Prolonged ASUP Strike: A Conspiracy By The Majority


ByAyomide Oriade


A period of over 280 days is enough for a woman to conceive, give birth and even have the naming ceremony of the child. The foregoing scenario illustrates the number of precious hours and days that have been wasted by the students in polytechnics and colleges of education in Nigeria due to the ongoing ASUP strike.

As it stands, 20 federal polytechnics and several other state polytechnics are under lock and Academic Staff Union of Polytechnics, ASUP, has remained resolute, saying it would not call off the strike until its demands are met.

According to ASUP, Chairman, Mr. Chibuzor Asomugha, 13 issues were raised by the union, out of which government selected four, with a promise to address them urgently. The four issues include release of the White paper on Visitation to Federal Polytechnics; the completion of the constitution of the Governing Councils for federal polytechnics; the migration of the lower cadre on CONTISS 15 salary scale; and the commencement of the Needs Assessment of Nigerian polytechnics. Typical of the Nigerian government, it failed to honour the agreement it entered with the union and that has culminated into the over 9 months strike.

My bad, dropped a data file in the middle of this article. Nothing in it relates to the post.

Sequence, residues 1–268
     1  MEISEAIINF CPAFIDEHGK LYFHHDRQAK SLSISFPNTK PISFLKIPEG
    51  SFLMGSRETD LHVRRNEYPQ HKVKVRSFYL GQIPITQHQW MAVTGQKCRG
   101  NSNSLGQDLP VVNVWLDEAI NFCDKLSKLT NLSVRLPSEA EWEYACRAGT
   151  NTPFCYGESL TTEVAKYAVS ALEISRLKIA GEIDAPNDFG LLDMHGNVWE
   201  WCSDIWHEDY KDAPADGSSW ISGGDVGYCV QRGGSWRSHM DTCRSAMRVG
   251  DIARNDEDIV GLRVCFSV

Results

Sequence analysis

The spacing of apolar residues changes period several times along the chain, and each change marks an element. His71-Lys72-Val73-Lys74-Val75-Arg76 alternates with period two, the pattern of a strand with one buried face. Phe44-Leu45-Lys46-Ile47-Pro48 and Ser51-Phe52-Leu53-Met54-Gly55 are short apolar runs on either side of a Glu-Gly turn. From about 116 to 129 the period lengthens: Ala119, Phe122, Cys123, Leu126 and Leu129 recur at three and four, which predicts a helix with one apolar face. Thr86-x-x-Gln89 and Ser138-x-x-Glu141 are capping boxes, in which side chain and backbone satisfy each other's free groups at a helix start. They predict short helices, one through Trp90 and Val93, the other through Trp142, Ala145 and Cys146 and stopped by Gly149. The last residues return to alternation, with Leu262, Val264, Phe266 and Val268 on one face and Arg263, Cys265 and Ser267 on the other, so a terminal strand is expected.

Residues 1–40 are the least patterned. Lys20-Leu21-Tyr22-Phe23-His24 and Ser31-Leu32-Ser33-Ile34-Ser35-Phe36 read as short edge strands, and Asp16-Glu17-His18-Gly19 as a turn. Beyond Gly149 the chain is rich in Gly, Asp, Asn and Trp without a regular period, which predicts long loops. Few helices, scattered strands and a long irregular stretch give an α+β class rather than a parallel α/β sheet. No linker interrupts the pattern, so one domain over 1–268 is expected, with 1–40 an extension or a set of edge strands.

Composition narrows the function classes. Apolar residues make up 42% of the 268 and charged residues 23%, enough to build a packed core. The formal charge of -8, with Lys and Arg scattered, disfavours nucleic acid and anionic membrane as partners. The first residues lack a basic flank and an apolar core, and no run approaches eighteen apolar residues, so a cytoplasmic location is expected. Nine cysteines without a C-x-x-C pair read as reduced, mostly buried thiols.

Not too long ago, the nation was more or less brought to a stand-still when the Universities where shut for over 7 months due to a similar act by the federal government. One thing that was not noticed then was the fact that the ASUP struggle had been on as at then.

That the Polytechnics and Colleges of Education have been playing second and third fiddle respectively to Universities in Nigeria is no longer news but the reality that the disparity is now being championed by the majority is disheartening.

Speaking on the kind of attention the ASUP strike is getting from the general public, Omotoyosi Sodiq, a student of Federal Polytechnic, Ofa lamented that “When ASUU went on strike, the whole Nigeria: rich, poor, politicians, the media, traders, business men and women, civil servants, children, artisans, celebrities and the rest joined in the fight but when it comes to the polytechnics, we have simply been left alone to fight our course.

Expressing his frustration, Sodiq asked the following questions: “What crime have we committed against the state? Have we broken any law or forfeited our fundamental rights by opting for the polytechnic? Have we not suffered enough, or does the government want the students to seek for alternative to education?”


  1. Have Nigerians in general been fair in their attention and contribution towards resolution of the ASUP strike?
  2. Are the Polytechnics not worth the attention of the majority?


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